February 18, 2012 at 3:23 pm Leave a comment

Excerpt from “Safe Mode”

Even if you think you have nothing to hide, it always makes sense to cover your e-tracks. When it used to matter, I had three browsers I’d use for different purposes. Google Chrome was for email, LinkedIn, casual browsing, and other activities I generally didn’t need to purge from my record. Firefox . . . I forget. And then there was Internet Explorer.

At one point, I had two YouTube accounts—one I’d open with Google Chrome, and the other I’d open with Internet Explorer. But then they made you link your YouTube account to your Google account. So I linked my “legit” account to my Google account and dropped the other one, the Internet Explorer one. So there were some videos I just didn’t get to see after that. Which was a shame. It wasn’t like they were illegal or immoral or wrong or anything. I just felt paranoid about looking at anything restricted through my Google account.

I liked at least to pretend I was anonymous. That’s what I’d use Internet Explorer for—all of my anonymous activities. I had some silly username like gemini84 (I’m a Sagittarius and wasn’t born in ’84), and I’d change my password regularly (It would always be something nonsensical like &%$#fraDujlKja9899i9W23). None of that ultimately mattered, but at least I felt I had a sense of autonomy and privacy in a world of virtual spotlights and actual predators.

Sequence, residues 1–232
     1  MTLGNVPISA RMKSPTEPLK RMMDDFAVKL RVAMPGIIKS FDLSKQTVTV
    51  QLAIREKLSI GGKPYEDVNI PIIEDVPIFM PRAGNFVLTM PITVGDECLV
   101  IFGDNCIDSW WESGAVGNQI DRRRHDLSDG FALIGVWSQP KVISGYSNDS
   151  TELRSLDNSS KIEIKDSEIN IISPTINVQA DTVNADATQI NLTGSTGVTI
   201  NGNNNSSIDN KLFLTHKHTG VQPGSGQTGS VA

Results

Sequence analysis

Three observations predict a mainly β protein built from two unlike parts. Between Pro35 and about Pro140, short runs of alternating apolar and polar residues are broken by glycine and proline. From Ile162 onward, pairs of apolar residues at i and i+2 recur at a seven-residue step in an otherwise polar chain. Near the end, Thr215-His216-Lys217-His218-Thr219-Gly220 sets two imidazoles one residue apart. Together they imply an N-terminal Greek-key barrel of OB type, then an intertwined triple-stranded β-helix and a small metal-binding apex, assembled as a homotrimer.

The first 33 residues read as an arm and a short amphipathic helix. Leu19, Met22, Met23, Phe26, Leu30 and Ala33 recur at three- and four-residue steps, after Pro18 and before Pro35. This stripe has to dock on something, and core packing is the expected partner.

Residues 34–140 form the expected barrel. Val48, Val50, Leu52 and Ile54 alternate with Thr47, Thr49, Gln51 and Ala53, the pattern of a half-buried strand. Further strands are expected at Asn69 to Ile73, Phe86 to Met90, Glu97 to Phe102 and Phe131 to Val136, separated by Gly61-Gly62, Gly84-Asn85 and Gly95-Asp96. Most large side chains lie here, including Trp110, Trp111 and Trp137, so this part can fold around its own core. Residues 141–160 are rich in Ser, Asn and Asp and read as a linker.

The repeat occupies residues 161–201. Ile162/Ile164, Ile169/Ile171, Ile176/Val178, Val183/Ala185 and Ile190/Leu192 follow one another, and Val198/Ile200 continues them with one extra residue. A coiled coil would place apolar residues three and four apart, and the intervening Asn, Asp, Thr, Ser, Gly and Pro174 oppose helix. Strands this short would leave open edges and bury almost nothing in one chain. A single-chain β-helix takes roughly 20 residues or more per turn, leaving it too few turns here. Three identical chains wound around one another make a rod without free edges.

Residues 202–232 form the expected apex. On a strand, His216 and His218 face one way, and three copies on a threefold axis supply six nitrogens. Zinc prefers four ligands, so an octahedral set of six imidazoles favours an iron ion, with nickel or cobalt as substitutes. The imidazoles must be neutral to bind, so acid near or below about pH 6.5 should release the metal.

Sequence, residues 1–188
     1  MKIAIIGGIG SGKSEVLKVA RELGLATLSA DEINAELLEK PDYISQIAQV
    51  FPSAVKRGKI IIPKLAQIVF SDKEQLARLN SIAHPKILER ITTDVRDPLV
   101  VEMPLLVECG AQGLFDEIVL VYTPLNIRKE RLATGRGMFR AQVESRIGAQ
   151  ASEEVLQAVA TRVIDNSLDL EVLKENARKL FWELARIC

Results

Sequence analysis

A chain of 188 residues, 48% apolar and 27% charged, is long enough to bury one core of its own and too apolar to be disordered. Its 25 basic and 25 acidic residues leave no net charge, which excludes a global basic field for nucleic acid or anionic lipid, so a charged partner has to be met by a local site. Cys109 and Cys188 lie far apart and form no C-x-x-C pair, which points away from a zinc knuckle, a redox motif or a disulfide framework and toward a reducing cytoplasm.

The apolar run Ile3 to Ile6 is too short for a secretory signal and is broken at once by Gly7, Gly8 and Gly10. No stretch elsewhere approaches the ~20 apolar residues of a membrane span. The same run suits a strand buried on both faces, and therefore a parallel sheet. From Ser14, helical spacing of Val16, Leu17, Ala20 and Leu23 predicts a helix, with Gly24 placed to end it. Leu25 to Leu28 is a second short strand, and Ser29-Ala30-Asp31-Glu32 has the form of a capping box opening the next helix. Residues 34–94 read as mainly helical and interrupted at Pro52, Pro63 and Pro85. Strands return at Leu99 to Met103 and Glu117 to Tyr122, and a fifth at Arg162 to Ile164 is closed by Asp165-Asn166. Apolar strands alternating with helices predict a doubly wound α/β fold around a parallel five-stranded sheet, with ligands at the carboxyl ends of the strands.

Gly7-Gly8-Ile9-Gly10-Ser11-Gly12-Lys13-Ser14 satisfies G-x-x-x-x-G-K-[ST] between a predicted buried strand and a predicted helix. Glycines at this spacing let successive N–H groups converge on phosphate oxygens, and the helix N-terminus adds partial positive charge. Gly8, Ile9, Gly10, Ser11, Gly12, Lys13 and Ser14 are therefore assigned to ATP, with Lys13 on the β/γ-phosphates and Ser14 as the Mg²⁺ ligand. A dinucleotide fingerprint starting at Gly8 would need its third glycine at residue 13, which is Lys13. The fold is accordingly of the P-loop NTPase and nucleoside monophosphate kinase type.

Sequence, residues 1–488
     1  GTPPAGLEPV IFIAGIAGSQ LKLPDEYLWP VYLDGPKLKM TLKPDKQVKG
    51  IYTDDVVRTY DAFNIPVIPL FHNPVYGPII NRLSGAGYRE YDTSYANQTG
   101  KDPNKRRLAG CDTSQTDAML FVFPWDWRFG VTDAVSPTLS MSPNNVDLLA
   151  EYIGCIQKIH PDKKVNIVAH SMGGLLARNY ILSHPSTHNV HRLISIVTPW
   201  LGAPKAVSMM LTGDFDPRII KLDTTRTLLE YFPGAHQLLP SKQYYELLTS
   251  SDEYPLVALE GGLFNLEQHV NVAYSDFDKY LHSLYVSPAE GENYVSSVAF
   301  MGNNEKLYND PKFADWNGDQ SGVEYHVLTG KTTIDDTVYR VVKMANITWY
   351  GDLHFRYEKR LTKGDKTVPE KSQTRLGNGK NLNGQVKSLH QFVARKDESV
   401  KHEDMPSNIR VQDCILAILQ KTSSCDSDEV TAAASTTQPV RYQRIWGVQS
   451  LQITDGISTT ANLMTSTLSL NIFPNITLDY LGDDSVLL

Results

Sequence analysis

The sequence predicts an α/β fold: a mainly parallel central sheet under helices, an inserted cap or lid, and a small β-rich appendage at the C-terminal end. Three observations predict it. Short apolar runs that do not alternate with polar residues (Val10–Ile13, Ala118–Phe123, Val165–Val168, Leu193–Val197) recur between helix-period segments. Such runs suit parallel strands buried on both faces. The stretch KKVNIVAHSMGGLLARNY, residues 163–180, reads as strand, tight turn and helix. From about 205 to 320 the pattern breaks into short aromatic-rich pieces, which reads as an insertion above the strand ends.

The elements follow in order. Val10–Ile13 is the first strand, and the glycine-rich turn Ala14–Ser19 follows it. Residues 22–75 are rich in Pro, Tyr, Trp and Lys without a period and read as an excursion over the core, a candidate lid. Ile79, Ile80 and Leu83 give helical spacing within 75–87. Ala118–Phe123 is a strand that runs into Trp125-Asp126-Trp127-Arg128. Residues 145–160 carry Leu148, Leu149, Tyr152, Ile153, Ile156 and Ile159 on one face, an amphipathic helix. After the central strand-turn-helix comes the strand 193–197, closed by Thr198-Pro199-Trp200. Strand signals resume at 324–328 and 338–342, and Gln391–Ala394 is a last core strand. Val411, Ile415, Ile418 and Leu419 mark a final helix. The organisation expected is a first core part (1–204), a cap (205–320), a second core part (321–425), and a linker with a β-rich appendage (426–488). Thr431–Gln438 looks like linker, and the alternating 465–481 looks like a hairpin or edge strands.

Turns out I was wise to drop that YouTube account, never to enjoy those restricted videos. Somewhere out there, they really do have more records than the KGB.

December 5, 2011 at 12:28 am 2 comments

Excerpt from “Safe Mode”

Professor Heart Attack (not to be confused with Professor Heartache) used to always tell me that the future—and the now (then)—was all about information sharing and social networks. He had a bit of an obsession with Mark Zuckerberg (and, incidentally, with me). He used to tell me things like, “If I were Mark’s father, I’d tell him to marry you.”

It just so happened that I was a freshman at Princeton when Mark Zuckerberg was a freshman at Harvard. (No, I don’t know him personally. I know a handful of people who went to Exeter with him, but whatever. It doesn’t matter.) When I joined Facebook my sophomore (or was it junior?) year in college, back when it was called “The Facebook,” I had no idea what a key role it would play in my undoing.

I used to resent that Professor Heart Attack, more than 30 years my senior and (last time I heard) without a cell phone or personal email account, was so ahead of my time. He was seemingly compassionate, extremely intelligent, not at all attractive, cosmopolitan, wealthy, and—it turns out—deeply insecure and duplicitous. It seemed cruelly ironic that he—of all people—appeared to escape the disaster when most of us had our worlds ripped out from under us.

Of course, he hadn’t anticipated the ultimate irony. Neither had I.

October 19, 2011 at 9:37 pm 6 comments